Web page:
The No-Brainer Way Twitter can make Money

As a follow-up to this week’s earlier post about what social media means to me, I’d like to talk about Twitter and money. Twitter decided to hire somebody whose job it is to make money this past week, but the concept of monetizing Twitter isn’t new. Several people have jumped into the fray citing ideas like 5 ways Twitter can make money or Ways to Monetize Twitter which includes quotes from Jason Calacanis (@jasoncalacanis and others.

If you look at the different ideas floating around out there on the web, the “ways of monetizing Twitter” appear to be more from a big brand perspective. Since I use Twitter for both personal and “big brand” use, I can see where the motto of advertising and tweet blasts come into play. Unfortunately, not every “big brand” methodology works with what the marketing department is trying to do. For example, we’re heavily focused on building a community of music lovers, and don’t want to pound “please buy me” sales into our customers’ heads every day. While sales is important, retaining customers is just as important, if not moreso. Social media allows us to provide our customers with an excellent user experience that makes them feel like a human being, not an ad-supported network.

Why doesn’t Twitter build customizable levels of service?

Before Twitter should even consider advertising, I feel that they should look at going with levels of service, similar to what worked for LiveJournal (a business that has been around since 1999, mind you) for so many years. Give us the ability to opt in for a monthly subscription — even $5 a month — to have an ad-free model, protected replies, integrated link bookmarking, archiving, brand customization, Twitter groups, etc. (By brand customization, I mean charge $50 for setting up the Twitter page for a big name company and include relevant followers.) The idea of “levels of service” also allows celebrities and public figures to have a modicum of privacy to get more out of the tool, giving them the chance to interact with their friends and families in a private manner while not shunning or ignoring their fans.

If we consider Twitter to be a social media tool that people use as a service, then building in those layers of functionality will create a user-focused customizable experience. Regardless, it’d be nice to see Twitter contact a random sample of Twitter users and ask them to be involved in a Beta test. Since this space is so competitive, I hope Twitter doesn’t roll out functionality without testing the waters first.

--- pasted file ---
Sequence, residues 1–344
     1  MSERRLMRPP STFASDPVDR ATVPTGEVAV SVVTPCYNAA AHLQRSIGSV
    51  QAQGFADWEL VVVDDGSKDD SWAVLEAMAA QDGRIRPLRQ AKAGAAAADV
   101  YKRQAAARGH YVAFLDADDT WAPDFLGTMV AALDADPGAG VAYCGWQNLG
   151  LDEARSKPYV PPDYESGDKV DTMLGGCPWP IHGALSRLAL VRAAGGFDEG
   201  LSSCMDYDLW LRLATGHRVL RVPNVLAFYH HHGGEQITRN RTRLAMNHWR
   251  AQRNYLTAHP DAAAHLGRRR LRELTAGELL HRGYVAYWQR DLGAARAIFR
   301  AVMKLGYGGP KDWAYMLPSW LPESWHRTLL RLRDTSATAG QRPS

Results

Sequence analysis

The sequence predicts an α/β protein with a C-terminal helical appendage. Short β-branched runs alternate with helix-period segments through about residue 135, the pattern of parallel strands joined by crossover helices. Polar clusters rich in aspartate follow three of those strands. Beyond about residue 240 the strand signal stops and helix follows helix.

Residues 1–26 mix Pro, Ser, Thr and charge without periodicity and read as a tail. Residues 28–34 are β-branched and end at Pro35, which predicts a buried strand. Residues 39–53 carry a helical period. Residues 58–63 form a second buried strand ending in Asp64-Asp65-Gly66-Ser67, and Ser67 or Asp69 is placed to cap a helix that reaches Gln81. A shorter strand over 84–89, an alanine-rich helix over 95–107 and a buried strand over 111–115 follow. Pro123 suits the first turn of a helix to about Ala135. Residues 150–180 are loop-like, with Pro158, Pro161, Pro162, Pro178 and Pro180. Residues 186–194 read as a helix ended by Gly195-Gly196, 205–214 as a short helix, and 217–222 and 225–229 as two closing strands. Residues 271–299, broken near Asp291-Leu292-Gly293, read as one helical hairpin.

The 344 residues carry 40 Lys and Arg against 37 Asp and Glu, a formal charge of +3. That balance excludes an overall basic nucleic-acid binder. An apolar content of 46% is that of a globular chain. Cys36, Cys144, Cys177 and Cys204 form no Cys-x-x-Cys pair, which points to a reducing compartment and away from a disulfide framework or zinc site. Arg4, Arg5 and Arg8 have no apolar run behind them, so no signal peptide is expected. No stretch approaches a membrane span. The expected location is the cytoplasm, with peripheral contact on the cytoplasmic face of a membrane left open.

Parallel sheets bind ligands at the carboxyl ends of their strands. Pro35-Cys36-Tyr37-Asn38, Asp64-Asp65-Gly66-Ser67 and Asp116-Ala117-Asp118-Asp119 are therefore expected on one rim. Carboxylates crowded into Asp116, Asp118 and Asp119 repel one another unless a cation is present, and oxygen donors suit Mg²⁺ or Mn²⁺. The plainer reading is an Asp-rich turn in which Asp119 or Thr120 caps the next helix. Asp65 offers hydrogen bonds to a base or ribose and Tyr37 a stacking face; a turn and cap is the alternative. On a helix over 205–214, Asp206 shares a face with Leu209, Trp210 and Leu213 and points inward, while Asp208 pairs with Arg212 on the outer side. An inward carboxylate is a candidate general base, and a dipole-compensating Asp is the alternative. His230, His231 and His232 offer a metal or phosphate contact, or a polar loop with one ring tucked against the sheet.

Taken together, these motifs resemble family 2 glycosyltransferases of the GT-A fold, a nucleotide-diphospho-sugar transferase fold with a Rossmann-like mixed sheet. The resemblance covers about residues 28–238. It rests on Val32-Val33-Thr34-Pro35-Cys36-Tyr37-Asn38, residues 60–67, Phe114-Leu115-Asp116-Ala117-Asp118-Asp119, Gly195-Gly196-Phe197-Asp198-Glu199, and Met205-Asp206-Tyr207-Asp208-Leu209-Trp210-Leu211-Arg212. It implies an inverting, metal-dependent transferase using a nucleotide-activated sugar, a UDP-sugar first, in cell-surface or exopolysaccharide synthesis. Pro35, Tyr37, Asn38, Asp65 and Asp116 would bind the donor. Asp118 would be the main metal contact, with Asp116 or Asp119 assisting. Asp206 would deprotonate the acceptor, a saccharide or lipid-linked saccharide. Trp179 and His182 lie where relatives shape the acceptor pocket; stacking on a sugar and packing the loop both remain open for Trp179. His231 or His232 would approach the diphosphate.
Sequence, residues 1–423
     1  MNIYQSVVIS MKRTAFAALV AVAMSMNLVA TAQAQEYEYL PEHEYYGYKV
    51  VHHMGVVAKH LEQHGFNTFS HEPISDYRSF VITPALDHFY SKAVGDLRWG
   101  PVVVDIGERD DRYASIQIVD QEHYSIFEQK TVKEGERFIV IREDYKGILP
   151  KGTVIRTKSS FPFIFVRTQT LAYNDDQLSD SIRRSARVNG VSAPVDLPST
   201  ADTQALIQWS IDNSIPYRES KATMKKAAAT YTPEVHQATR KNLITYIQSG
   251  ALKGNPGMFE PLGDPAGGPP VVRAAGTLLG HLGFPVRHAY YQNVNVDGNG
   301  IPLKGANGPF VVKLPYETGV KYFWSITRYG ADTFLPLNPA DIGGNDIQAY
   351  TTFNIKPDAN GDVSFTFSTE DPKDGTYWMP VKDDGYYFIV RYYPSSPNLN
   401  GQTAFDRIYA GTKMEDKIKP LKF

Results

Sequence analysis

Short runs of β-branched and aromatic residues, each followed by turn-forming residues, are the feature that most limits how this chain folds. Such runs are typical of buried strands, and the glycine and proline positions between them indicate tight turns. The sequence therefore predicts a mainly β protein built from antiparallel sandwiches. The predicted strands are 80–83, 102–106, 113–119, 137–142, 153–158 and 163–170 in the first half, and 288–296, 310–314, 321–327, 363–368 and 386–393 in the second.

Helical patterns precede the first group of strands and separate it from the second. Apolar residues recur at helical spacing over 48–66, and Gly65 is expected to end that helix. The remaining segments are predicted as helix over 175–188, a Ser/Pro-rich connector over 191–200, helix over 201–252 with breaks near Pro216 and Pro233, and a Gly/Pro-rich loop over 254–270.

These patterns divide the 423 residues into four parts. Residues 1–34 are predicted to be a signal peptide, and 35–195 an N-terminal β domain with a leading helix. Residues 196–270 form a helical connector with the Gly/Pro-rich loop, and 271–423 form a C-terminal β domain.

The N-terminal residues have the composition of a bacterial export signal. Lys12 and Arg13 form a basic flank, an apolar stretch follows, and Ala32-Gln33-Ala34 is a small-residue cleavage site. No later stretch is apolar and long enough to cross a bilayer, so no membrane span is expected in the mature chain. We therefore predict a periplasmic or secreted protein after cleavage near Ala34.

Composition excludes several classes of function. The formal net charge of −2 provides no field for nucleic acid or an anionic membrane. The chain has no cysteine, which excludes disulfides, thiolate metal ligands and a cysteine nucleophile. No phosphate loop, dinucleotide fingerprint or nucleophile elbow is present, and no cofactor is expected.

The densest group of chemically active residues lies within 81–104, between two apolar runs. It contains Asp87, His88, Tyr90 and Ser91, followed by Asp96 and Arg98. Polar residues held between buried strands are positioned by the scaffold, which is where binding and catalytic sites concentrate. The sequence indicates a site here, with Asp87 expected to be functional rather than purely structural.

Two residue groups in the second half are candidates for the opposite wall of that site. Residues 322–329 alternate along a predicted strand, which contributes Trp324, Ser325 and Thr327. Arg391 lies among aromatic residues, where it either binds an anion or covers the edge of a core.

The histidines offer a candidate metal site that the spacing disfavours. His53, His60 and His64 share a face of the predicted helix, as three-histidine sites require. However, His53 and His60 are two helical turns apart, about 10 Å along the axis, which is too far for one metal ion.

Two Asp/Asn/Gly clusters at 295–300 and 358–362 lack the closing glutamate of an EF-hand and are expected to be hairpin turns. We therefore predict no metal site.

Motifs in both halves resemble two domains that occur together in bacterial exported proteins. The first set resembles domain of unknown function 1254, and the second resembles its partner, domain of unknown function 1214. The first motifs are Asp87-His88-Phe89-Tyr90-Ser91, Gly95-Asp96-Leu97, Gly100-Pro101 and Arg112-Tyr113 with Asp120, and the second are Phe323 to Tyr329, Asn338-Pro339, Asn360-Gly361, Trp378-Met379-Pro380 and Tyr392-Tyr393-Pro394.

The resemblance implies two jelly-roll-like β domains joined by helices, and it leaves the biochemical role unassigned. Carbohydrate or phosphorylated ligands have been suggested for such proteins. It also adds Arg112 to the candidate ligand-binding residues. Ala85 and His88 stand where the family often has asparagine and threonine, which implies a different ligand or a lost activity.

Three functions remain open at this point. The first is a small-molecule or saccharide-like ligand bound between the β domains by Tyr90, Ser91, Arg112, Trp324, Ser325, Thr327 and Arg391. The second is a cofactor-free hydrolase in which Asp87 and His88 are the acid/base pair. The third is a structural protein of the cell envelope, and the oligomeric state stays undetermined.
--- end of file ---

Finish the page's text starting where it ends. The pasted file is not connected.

Why am I bringing this up and how does it affect freelancers? The moral of the story here, is that this space is continually changing because technology is not the only thing that is in flux. A tool’s financial support also impacts how that tool develops.

I recommend staying on top of “tool trends” to see what will work and what doesn’t for you, because one day your favorite service may just wind up disappearing. Staying “in the know” is also important from the perspective of whether or not a client might hire you; sometimes staying on top of web trends through websites like TechCrunch might make or break your chances of getting that lucrative assignment.

Feel free to comment below or join me on Twitter at: @mlvalentine

Have a great day!



Monica Valentinelli is a writer, editor, and game developer. Her portfolio includes stories, games, comics, essays, and pop culture books.

In addition to her own worlds, she has worked on a number of different properties including Firefly, Vampire: the Masquerade, Shadowrun, Hunter: the Vigil, Brandon Sanderson’s Mistborn, and Robert E. Howard’s Conan.

Looking for Monica’s books and games that are still in print? Visit Monica Valentinelli on Amazon’s Author Central or a bookstore and game store near you.

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Would you like to hire me? Because my projects and manuscripts are in flux, I am always open to discussing new opportunities with publishers and studios. As a full-time writer, I spend a portion of my time seeking new gigs–so don’t be afraid to reach out. If you’re interested, please e-mail me via my Contact Page. I typically reply to work-related e-mails within one-to-two business days.

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